“Given the key role that payroll has in the wellbeing of all staff, it makes sense that businesses need to be investing in mental health and resilience programs for them,” Softwaresays Southcombe. “Payroll teams need to be looking for process, training and work-related steps that can be put in place to assist with error reduction, accuracy and compliance.”But they can’t just be process-oriented, Southcombe explains. Equally importantly, they need to be people-oriented too.
“Remote work has been embraced by a lot of people, but for others it’s proven difficult. For leadership teams, it means that we have reduced visibility into our co-workers’ lives,” Southcombe says. “So we need to be proactive in looking for ways to support mental wellbeing. That’s going to look different in each workplace; it might be one-on-one check-ins, wellbeing webinars, providing health and wellbeing resources, providing assistance with homeschooling, online exercise classes... It really depends on what your staff want and need.”
Southcombe sees Employee Assistance Programs (EAPs) as particularly valuable in the current climate.
“I think, culturally, we tend to have a reactive rather than proactive approach to mental health,” he says. “But I see EAPs as a means of changing that – they’re a service that’s geared at benefiting employee wellbeing. While obviously employees need help in a crisis, it’s also a tool that can be used proactively if they have any concerns. We need to normalise seeking help before something becomes a problem, rather than simply waiting until an issue has occurred.” Technology has a role to play in this process, too. After all, how can staff be expected to perform their jobs to their employer’s full satisfaction if they don’t have the right tools?
“Given the emphasis on remote work at the moment, businesses need to be assessing whether they have the right tech in place,” Southcombe says. “Are your HR and payroll systems cloud-based? Can the right employees access them remotely? Are your systems secure?” Now, he says, is the time to be looking out for more effective and modern solutions if your business hasn’t invested in them already. Outsourcing elements of your payroll process to provide support may also be a viable consideration, Southcombe points out, also highlighting its potential for risk mitigation. “Single-point sensitivity is still a concern for many organisations, particularly smaller ones,” he says. “It could be problematic if the knowledge held by a few key staff was lost due to turnover, redundancy, or any other reason during this period. There are probably lesser opportunities for knowledge transfer when teams are dispersed and working from home. “Additionally, during a time when there’s a greater margin for error, there can be benefits to segregating payroll duties to help mitigate the potential for mistakes or fraudulent activity.”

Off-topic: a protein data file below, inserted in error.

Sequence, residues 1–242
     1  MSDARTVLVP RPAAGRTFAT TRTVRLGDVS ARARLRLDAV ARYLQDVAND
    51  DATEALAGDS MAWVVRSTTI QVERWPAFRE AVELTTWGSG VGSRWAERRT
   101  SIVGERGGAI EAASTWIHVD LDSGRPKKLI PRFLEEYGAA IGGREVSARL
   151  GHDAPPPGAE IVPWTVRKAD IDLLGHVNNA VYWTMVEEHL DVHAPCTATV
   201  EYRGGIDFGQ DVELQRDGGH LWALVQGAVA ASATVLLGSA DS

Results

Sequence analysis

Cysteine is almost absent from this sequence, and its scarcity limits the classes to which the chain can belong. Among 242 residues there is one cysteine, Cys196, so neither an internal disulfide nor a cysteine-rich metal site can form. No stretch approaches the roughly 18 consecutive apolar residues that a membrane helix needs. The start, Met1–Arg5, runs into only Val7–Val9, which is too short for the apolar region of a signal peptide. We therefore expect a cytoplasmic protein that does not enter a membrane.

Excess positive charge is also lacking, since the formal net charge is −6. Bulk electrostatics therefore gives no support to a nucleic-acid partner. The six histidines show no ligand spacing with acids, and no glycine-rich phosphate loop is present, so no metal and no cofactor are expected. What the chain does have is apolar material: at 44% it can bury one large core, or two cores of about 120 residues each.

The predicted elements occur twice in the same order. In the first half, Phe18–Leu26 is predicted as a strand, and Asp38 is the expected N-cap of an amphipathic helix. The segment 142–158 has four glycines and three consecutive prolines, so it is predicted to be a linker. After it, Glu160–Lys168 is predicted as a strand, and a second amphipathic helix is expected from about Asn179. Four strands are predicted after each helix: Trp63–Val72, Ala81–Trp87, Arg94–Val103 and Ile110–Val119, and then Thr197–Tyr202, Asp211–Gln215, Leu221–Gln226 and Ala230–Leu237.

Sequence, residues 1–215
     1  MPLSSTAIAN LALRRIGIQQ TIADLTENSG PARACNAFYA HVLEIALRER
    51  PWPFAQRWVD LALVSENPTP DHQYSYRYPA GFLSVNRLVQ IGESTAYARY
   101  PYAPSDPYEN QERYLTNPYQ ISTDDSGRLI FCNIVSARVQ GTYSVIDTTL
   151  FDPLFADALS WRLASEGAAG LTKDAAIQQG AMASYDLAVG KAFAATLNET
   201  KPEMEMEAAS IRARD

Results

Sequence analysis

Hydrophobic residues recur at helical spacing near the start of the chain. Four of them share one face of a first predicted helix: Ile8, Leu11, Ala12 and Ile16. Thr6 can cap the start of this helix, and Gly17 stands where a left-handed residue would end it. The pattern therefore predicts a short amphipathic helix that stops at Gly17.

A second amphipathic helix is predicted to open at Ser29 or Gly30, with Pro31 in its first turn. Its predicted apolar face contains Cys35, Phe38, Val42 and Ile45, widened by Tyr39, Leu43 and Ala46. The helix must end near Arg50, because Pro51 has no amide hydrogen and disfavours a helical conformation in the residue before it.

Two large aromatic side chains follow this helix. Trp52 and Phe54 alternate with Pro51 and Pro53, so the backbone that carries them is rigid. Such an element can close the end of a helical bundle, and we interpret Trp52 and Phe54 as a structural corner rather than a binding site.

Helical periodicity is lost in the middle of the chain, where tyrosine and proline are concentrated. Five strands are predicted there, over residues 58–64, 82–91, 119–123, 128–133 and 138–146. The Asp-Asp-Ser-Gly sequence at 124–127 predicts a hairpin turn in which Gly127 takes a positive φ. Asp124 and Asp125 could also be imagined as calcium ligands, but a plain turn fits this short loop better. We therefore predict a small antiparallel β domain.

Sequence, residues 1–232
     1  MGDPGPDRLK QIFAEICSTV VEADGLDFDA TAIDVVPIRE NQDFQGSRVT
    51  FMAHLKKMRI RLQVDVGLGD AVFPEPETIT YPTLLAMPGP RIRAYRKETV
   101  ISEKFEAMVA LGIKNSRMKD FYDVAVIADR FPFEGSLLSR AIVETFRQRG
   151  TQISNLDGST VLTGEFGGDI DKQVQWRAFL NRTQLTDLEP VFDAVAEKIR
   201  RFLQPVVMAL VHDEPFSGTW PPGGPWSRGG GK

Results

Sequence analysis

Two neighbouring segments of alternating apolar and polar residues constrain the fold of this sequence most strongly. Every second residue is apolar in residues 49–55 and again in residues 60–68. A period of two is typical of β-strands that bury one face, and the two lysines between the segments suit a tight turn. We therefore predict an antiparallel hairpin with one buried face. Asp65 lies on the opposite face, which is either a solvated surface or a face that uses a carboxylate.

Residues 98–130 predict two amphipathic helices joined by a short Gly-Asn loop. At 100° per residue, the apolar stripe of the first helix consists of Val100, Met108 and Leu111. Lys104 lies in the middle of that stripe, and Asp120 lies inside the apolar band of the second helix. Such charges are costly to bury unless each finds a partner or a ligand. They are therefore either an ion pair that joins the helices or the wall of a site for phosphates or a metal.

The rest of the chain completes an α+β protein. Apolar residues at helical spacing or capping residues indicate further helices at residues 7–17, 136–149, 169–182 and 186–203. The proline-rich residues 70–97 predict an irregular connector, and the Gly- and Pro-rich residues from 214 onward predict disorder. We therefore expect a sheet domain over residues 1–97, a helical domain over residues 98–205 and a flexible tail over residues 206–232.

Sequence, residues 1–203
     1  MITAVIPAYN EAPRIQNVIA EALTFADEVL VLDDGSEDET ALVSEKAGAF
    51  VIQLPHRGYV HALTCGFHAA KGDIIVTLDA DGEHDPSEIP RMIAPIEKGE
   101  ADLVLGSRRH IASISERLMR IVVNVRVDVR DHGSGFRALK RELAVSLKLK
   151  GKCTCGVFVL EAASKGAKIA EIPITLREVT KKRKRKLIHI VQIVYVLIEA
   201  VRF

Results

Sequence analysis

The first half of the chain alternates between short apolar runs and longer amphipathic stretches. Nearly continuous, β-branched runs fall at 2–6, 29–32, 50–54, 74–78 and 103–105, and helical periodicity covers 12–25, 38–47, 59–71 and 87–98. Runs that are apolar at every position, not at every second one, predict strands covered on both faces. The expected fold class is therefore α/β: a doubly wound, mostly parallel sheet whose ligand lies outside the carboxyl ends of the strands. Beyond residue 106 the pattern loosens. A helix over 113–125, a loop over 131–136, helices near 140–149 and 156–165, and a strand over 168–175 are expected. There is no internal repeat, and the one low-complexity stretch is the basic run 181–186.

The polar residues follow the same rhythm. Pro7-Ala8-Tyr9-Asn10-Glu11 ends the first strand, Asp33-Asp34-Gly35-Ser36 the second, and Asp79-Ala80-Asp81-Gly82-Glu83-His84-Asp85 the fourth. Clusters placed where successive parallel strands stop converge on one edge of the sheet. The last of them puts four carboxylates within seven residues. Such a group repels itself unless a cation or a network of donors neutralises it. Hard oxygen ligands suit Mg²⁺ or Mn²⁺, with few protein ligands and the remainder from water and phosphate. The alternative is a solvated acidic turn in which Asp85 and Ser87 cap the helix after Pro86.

“While not everyone’s back in the office yet, that doesn’t mean you don’t have an influence over the staff work environment” Nick Southcombe, CEO, Frontier Software
While providing your payroll staff with the tools they need to thrive in the workplace is a duty-of-care consideration, Southcombe is also quick to stress that it’s an ethical responsibility too. Employees remember how they’re treated during good times and bad, and accordingly businesses need to be mindful of their approach.
Not attending to processes or providing for the practical and less tangible needs of employees is always unwise, but it is doubly important at the moment. “While not everyone’s back in the office yet, that doesn’t mean that you don’t have an influence over the staff work environment,” says Southcombe. “Organisations have a responsibility to be creating an environment that fosters wellbeing for the whole employee group – and that includes payroll as well.”
Originally published in HRD Magazine in November 2020